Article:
When Government Oversteps the Advocacy Line

A Seattle area transit agency got into trouble when it tried to gauge voter's attitudes.
April 14, 2016
By Charles Chieppo  |  Contributor
Principal of Chieppo Strategies and former policy director for Massachusetts’s Executive Office for Administration and Finance

Two important lessons jump out from the recent case of a survey produced by the Seattle area's Sound Transit that appears to have violated state law by attempting to gauge what elements of a proposed $50 billion expansion plan voters would approve, rather than just assessing needs. The first is the importance of maintaining a divide between government agencies and advocates. The second is the equally important attribute of taking responsibility for mistakes and acting to correct them.

In March, Sound Transit released a $50 billion draft expansion plan. Public feedback is being gathered this month on the details of the plan, and the transportation agency's board will then determine exactly what will be included in the ballot initiative that will go before Seattle-area voters in November.

Part of the public-feedback effort is an online survey that appears on Sound Transit's website. But one question on the survey, asking which arguments would make voters more likely to support the plan, appears to have run afoul of a state prohibition on spending public money for political purposes.

One of the benefits of such a prohibition is that it makes it harder for public agencies to act as advocates. Anyone who doubts the peril of a blurring of lines between government and advocacy need only look at the Boston area's embattled Massachusetts Bay Transportation Authority (MBTA).

In the final days of the administration of Gov. Michael Dukakis in 1991, state transportation and environmental officials signed a consent decree with the Conservation Law Foundation that bound the MBTA to build a laundry list of new projects. Government and transit advocates were on the same page, and the consent decree institutionalized the advocates' agenda for decades to come. Today the authority's finances are in such terrible shape that it is run by a Fiscal and Management Control Board appointed by the governor and legislative leaders.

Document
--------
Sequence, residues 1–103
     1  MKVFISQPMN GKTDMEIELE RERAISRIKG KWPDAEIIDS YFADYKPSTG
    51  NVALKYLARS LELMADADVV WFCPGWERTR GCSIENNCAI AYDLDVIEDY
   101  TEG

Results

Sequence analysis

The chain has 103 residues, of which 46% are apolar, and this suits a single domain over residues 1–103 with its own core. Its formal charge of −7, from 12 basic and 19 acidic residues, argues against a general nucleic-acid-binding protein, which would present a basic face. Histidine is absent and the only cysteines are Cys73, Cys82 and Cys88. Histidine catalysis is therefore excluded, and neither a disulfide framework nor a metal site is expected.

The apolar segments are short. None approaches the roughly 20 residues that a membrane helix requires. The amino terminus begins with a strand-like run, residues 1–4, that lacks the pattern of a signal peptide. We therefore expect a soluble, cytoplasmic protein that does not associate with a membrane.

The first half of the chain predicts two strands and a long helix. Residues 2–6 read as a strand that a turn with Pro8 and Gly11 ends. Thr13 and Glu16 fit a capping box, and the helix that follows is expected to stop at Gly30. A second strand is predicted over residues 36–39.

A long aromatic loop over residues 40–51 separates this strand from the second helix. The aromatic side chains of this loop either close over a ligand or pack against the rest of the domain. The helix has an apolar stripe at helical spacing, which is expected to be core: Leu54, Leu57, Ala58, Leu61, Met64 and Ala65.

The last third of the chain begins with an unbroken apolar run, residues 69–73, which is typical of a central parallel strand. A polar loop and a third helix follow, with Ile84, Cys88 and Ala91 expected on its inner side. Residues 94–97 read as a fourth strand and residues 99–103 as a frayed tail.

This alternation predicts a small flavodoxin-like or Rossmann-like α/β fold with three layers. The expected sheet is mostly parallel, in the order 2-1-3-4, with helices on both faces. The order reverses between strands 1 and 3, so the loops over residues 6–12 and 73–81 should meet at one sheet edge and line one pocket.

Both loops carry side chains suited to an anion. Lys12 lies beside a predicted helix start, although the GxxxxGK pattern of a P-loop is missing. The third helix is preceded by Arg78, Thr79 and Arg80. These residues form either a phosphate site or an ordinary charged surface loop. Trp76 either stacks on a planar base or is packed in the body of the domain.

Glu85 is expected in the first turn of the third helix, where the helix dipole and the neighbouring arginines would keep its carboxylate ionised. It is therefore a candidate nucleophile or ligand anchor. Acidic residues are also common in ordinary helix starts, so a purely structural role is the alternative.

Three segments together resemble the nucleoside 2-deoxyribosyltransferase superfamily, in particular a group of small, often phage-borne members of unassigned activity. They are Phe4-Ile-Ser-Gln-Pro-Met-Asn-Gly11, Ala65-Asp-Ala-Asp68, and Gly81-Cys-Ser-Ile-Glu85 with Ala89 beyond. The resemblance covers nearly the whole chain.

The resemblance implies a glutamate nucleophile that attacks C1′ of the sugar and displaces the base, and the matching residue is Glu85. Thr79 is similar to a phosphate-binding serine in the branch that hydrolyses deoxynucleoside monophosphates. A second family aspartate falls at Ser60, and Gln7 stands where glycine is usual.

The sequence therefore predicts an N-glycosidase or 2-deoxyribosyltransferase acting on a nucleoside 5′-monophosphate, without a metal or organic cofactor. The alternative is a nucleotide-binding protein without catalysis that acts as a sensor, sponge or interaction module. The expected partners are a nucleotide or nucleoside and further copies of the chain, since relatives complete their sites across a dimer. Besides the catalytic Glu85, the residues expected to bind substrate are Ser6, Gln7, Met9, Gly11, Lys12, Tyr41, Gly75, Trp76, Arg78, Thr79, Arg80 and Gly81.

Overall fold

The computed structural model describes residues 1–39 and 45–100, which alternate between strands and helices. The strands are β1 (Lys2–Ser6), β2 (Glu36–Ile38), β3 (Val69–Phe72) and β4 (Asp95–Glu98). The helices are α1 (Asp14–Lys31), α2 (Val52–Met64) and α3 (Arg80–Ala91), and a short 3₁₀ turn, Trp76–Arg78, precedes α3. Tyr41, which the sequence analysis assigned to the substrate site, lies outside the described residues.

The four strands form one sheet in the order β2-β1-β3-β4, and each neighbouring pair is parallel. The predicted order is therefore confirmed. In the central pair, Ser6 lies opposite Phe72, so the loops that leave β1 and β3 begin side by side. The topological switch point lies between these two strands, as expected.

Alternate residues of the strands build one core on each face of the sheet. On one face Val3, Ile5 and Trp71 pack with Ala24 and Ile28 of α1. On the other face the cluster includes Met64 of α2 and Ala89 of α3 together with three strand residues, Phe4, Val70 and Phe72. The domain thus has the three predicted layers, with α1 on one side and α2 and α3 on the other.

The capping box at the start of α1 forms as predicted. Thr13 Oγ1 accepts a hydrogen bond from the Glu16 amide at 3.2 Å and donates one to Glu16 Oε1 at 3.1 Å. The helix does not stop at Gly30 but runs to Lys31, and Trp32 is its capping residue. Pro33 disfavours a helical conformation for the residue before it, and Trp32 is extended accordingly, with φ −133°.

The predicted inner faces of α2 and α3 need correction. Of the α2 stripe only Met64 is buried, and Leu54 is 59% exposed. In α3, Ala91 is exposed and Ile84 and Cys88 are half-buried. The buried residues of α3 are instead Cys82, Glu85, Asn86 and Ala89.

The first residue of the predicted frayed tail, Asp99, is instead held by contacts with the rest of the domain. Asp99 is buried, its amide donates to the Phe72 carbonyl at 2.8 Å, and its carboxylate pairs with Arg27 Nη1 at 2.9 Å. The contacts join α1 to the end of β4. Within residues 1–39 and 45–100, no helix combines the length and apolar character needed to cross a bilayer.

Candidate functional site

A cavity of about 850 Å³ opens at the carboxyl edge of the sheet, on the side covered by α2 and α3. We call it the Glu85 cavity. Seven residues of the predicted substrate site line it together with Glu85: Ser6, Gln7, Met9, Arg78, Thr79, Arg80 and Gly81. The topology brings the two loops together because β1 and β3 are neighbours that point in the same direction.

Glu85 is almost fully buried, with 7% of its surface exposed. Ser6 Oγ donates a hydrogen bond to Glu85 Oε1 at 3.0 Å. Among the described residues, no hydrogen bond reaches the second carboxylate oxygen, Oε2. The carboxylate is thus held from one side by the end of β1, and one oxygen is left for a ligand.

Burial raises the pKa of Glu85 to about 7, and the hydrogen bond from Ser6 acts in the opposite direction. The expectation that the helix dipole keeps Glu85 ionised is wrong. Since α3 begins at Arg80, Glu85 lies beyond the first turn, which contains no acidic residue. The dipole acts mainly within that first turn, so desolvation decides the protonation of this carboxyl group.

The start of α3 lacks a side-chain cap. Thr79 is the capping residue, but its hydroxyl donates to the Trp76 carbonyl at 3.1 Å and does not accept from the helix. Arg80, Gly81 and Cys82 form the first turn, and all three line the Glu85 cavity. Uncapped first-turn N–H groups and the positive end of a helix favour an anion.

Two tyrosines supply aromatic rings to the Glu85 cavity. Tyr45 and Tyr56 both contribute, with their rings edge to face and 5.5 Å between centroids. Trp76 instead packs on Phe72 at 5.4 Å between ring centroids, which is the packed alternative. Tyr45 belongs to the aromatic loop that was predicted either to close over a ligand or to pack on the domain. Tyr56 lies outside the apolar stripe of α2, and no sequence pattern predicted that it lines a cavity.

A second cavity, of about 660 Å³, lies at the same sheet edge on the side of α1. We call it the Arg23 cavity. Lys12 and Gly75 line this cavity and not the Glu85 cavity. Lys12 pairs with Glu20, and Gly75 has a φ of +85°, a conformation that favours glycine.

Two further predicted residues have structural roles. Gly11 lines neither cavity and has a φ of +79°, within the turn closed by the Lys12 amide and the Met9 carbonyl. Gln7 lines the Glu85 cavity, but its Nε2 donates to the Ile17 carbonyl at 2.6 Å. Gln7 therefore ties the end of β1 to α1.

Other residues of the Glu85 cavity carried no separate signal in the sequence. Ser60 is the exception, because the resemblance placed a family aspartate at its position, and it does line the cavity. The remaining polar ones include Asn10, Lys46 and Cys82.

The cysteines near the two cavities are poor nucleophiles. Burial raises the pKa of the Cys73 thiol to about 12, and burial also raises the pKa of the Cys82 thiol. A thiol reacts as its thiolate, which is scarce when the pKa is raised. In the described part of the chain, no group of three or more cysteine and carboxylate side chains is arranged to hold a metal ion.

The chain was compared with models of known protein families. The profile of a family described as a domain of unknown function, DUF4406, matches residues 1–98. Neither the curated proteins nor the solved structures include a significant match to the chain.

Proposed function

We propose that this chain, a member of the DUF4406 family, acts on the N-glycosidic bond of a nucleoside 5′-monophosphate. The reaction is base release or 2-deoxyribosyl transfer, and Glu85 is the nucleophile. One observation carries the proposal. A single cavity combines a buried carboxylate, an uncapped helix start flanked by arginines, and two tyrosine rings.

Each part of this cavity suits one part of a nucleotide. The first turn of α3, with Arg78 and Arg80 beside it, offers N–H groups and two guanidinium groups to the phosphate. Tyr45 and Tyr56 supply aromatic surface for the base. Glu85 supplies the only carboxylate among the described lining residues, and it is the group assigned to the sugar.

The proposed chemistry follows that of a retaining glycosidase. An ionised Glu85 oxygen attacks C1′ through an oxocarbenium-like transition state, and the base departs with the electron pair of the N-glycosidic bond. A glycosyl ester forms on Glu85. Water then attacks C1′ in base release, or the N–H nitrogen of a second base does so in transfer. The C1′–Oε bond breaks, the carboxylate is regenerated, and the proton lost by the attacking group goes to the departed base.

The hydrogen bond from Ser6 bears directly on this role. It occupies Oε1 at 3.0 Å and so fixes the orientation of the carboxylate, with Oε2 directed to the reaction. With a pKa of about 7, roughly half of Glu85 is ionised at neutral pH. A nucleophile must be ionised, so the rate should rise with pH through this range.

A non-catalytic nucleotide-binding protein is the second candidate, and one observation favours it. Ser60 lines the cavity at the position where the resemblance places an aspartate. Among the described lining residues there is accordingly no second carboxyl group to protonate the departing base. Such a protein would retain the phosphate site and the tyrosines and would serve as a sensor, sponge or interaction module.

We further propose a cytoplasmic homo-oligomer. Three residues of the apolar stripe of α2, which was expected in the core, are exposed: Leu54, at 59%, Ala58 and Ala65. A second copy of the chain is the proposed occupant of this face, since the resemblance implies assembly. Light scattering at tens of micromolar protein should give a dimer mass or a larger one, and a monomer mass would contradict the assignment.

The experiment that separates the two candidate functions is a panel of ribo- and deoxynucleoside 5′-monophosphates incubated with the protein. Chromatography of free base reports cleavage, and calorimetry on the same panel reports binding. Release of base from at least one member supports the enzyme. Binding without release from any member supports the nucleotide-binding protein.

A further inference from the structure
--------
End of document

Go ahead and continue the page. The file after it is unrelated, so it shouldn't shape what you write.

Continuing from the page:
Spending billions to build, operate and maintain new transit lines is hardly the only cause of the MBTA's financial problems, but one could make a strong argument that it is the single biggest driver behind the MBTA owing nearly $9 billion in debt and interest and having a $7.3 billion maintenance backlog. A quarter-century after the consent decree was signed, one of the final projects on the list, an above-ground extension of a subway line, is still making headlines because its price tag quickly jumped from $1.4 billion to $2 billion, and more recently to $3 billion in just over a year.

Thankfully Seattle has safeguards in place that Boston did not. One is that voters must approve Sound Transit's expansion plans, and another is the fact that new taxes and federal grants are among the vehicles Seattle plans to use to pay for expansion. The MBTA had no new funding streams to cover expansion costs.

There was more good news in the way Sound Transit dealt with the survey issue. When Washington state's Public Disclosure Commission said the question about what voters would approve likely violated state law, Sound Transit's chief spokesman, Geoff Patrick, wasted no time admitting that he was the one who had asked for the question to be included and that he hadn't run it by the agency's lawyers. Rather than stonewalling, Patrick immediately deleted the question.

Laws that help prevent the blurring of lines between advocates and government agencies are critical to both state and local government finances and the integrity of the policy-making process. Thanks to a public employee who took responsibility for his actions and corrected his mistake, the system worked when Sound Transit crossed the line between government agency and advocate.